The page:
Friday, July 28, 2006

Angkor Wat?!?!

We woke up that morning before dawn and got to the temple at around 20 after five. There were lots of people there (particularly lots of Koreans - speaking of which, "Be the Reds" shirts can be seen all around Southeast Asia though no one reacts to the clapping). Too bad it was so cloudy that there was no sunrise to be seen over Angkor Wat.

It was really incredible anyway and I particularly liked Angkor Thom's Bayon Temple, if that's what it's called. It was full of Buddha images that take your breath away. Really, they do!

At the temple we were taking pictures with monks and D'Arcy suggested I put my arms around them, so I did, and they jumped back in horror. Apparently it's a sin to touch a monk. My mistake. They seemed to kind of like it.

We booked tickets that night (last night) to take a bus from Siem Reap to the border of Thailand. This bus ride is notoriously the worst road in all the land, kept that way because of corruption between the Cambodian government and the airlines. We got on the bus this morning and heard horror stories from people who had previously taken the trip. So at the last minute we jumped ship and took a taxi for 35 dollars which allowed us to sit slightly more comfortably in good air con and to avoid the gaping potholes and speed past cows and ducks littering the road. I saw a man cycling with a stack of eggs - unbelievable.

Once at the border we made the mistake of paying for a private bus to Khoa San Rd. It was two o'clock and the bus man said the bus would leave at 3 or 3:30. We rolled out of there at about 5 after placating our angry selves with ice cream. Then the bus from the border to Bangkok took only 4 hours instead of the anticipated 6 so all's fine.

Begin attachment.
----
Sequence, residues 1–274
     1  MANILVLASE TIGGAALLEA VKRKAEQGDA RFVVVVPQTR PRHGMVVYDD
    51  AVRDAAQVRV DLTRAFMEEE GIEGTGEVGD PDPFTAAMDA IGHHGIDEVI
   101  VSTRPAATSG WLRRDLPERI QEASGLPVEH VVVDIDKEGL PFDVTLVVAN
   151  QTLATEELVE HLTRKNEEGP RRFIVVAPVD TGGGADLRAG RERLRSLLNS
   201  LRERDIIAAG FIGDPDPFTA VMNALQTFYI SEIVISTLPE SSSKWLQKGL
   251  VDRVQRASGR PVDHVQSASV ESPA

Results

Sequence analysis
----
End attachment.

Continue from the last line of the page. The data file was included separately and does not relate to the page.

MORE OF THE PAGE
I met up with Wendy when I arrived after a year of separation, which was great! It feels like no time has passed. The only problem is that she's sick and not sure why. I hope it's just a combination of lack of sleep/jetlag/culture shock or something like that. Hopefully she'll get some sleep tonight and be fine tomorrow or we'll be checking out the Bangkok medical facilities!

Wednesday, July 26, 2006


this keyboard sucks so im going to make it quick. cambodia has been great! we spent yesterday doing all the touristy things in phnom penh like seeing the palace and silver pagoda and going to the tuol sleng (spelling wrong i know) and killing fields.

Highlights included:

1. having a tour guide to explain the palace - cambodia is a kingdom
2. buying five dollar birks from the russian market and two dollar polo shirts from the central market
3. sharing one motorcycle between a driver, me and darcy - tight fit!
4. getting a private tour from our quebecois friend's new cambodia tuk tuk driver boyfriend
5. pushing his tuk tuk along the road when it stopped running due to bad gasoline